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SECURING AMERICA, STRENGTHENING ISRAEL

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The Limits of U.S. Military Assistance

JINSA Report #: 

1,061
February 15, 2011

The United States provides military assistance to a variety of countries in the Middle East, Africa and Southwest Asia, including Israel, Egypt, Iraq, Lebanon, Afghanistan, Jordan, Yemen, Pakistan and Bangladesh. We provide equipment and training for the security forces of the Palestinian Authority. We also provide military aid to the Democratic Republic of Congo, Sudan, Chad and Yemen - all of which violate the Child Soldiers Prevention Act, which should have made them ineligible but the Obama administration requested a waiver. We encourage a variety of other countries to purchase vast amounts of American-made military equipment with their own money - Saudi Arabia, Bahrain, Kuwait, Oman and the UAE among them - and we pay some of them for basing rights. Although Turkey no longer participates in the Foreign Military Financing (FMF) program, it receives money for military education and training and the United States has been paying tens of millions of dollars for use of the air base at Incirlik.

Why?

With the exception of Israel - which is a very big exception - it is the American belief that the recipient governments will agree with us about what constitutes a threat to their security and ours, and will accordingly make war on the "right" people and prevail. Both beliefs are sorely tested at the moment.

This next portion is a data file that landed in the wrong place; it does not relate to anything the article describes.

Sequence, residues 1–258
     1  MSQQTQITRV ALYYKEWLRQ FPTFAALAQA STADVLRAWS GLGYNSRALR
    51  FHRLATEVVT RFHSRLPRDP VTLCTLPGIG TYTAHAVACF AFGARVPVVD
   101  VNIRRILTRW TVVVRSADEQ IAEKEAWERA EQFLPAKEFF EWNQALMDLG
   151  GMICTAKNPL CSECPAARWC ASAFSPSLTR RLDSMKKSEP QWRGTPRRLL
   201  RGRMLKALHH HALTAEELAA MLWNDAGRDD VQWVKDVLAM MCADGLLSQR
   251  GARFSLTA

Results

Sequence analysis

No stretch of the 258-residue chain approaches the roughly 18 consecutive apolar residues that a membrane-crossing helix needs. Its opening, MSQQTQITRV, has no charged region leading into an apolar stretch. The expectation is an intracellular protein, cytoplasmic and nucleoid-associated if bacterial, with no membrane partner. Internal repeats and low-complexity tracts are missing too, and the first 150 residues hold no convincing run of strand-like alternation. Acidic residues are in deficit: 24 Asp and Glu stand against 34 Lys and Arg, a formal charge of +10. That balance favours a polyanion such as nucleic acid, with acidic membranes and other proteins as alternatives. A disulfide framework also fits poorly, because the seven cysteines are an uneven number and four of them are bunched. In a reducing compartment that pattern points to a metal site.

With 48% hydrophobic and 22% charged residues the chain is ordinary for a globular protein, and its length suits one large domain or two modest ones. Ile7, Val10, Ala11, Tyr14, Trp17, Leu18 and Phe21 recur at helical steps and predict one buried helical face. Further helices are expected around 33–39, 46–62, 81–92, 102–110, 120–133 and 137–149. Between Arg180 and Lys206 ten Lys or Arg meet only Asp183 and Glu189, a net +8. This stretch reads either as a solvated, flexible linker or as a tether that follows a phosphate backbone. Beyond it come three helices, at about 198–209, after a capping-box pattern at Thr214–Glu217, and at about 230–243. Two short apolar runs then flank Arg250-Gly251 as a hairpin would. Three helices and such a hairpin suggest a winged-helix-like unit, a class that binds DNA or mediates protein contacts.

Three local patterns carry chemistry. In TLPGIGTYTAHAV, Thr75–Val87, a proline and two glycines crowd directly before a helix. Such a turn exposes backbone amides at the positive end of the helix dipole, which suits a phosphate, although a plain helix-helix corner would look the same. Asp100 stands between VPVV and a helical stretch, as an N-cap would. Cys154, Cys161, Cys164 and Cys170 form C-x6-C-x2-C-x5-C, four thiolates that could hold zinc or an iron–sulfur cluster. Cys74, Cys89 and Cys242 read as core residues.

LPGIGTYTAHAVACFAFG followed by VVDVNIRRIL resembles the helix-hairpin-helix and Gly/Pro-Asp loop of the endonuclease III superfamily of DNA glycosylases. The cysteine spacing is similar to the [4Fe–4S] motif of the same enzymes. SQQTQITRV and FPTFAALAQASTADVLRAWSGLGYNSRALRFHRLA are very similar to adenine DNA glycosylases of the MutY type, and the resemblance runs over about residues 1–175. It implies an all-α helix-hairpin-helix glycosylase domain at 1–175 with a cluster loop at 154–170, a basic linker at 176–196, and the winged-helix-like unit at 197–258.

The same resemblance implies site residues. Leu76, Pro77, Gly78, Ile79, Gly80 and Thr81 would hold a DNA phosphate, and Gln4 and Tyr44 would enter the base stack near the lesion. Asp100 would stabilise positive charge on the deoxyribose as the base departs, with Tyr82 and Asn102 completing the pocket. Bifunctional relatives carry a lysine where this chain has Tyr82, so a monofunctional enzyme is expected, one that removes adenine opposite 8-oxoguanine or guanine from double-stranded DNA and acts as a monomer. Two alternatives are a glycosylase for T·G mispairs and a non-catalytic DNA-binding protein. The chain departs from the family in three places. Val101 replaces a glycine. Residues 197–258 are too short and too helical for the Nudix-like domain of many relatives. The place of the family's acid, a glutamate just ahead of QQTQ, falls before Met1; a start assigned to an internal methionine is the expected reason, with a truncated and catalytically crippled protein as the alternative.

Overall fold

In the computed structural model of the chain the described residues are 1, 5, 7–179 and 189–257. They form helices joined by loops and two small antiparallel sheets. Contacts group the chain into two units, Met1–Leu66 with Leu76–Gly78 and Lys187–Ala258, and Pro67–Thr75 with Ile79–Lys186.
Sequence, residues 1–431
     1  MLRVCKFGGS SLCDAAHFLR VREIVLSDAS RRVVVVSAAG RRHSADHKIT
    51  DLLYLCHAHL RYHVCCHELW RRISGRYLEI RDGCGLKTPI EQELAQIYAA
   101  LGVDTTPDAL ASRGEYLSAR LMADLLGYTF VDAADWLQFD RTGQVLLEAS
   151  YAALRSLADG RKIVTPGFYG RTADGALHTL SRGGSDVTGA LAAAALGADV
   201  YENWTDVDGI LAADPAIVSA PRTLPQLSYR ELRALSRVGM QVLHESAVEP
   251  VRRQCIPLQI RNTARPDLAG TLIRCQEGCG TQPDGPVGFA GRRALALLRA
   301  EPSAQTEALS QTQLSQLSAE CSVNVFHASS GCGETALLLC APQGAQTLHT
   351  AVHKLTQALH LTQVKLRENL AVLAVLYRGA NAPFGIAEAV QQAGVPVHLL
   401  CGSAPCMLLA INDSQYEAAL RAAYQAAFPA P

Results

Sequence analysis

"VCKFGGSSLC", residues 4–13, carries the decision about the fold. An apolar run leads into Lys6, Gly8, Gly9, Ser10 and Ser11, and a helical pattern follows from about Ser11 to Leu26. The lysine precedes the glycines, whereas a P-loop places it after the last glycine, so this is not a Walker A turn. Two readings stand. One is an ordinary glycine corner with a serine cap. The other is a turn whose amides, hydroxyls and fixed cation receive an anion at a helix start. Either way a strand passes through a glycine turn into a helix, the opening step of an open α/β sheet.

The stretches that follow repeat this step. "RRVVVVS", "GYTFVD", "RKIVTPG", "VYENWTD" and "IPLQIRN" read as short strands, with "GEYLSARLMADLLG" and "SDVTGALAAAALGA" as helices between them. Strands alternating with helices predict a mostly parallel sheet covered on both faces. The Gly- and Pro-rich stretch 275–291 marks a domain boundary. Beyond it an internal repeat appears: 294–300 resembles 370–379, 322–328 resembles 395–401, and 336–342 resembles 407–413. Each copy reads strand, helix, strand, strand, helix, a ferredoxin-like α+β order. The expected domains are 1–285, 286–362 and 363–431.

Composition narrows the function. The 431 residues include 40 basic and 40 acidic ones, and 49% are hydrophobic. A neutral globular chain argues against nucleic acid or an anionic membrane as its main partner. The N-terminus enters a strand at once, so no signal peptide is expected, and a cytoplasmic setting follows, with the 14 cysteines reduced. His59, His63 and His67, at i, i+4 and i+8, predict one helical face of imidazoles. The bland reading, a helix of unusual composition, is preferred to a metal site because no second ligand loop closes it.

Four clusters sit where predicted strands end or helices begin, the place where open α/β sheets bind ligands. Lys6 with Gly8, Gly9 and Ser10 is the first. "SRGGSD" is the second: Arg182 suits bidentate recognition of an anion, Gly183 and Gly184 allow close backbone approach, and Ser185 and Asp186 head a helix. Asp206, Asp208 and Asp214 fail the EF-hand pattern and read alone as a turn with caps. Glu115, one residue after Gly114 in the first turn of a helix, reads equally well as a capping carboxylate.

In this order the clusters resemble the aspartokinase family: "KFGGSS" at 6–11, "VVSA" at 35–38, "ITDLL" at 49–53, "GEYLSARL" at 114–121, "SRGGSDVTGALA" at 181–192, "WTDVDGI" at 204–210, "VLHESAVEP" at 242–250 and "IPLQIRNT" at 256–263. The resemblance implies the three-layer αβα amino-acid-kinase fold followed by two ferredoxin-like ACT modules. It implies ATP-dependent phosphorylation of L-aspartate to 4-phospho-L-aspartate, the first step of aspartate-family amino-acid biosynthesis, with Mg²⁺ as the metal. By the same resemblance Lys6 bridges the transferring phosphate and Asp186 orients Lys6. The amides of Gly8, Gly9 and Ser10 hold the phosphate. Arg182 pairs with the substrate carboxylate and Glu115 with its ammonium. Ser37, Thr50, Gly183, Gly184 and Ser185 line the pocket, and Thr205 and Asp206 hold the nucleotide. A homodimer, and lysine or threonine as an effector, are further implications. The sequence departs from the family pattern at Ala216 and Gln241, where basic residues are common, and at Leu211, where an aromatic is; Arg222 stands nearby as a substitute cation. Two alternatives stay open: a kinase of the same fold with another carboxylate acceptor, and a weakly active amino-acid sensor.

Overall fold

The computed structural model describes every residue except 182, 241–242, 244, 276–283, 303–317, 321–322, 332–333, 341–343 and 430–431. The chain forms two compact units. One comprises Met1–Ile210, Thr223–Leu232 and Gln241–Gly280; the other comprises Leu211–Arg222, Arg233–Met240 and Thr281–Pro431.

In several countries, the central government does not control all of its own territory. In others, the government may be inclined to make a deal with insurgents rather than fight them. In some places, the government itself is shaky and American equipment could fall into the hands of opposition forces -providing a military windfall for the opposition and possibly a windfall of intelligence information for its allies (China, Iran and/or Russia). In very few places is the military under civilian control. In almost none would it make a difference in terms of human rights. In some places, the government is no better than its insurgent enemies.

This is not to say the United States should not provide military aid and training in places we believe it does more good than harm on balance. In Central and South America, Colombia largely eradicated the Venezuelan/Ecuadorean-financed FARC narco-terrorists and vastly improved human rights at the same time. The Honduran military proved its fealty to the civilian constitution under stress.

What it does, however, is remind us that there is a vast difference between Israel and the other countries of the CENTCOM/AFRICOM region - and pulls the rug out from under George Soros, Michael Scheuer, Rand Paul and others who believe: a) in a choice between Israel and the other countries we should give up Israel and curry favor with the others; or, b) not fund anyone because no one deserves our financial support.

Friends of Israel often point to the benefits the United States receives from Israel in terms of military R&D, testing and evaluation, tactics and training. True and that is another exception to the countries above. But that isn't the reason.

American military aid to Israel should be supported in Congress and elsewhere for two reasons: First, because Israel is surrounded by countries that not only have never accepted its legitimacy in the region, but have also proved willing to spend their money, our money and their peoples' lives in an effort to eradicate a UN member country. It is in our interest to help Israel protect itself from others who did and still do seek its destruction.

Second, - and equally important - Israel shares our fundamental democratic values and its strength and security are part of the strength and security of the free world.

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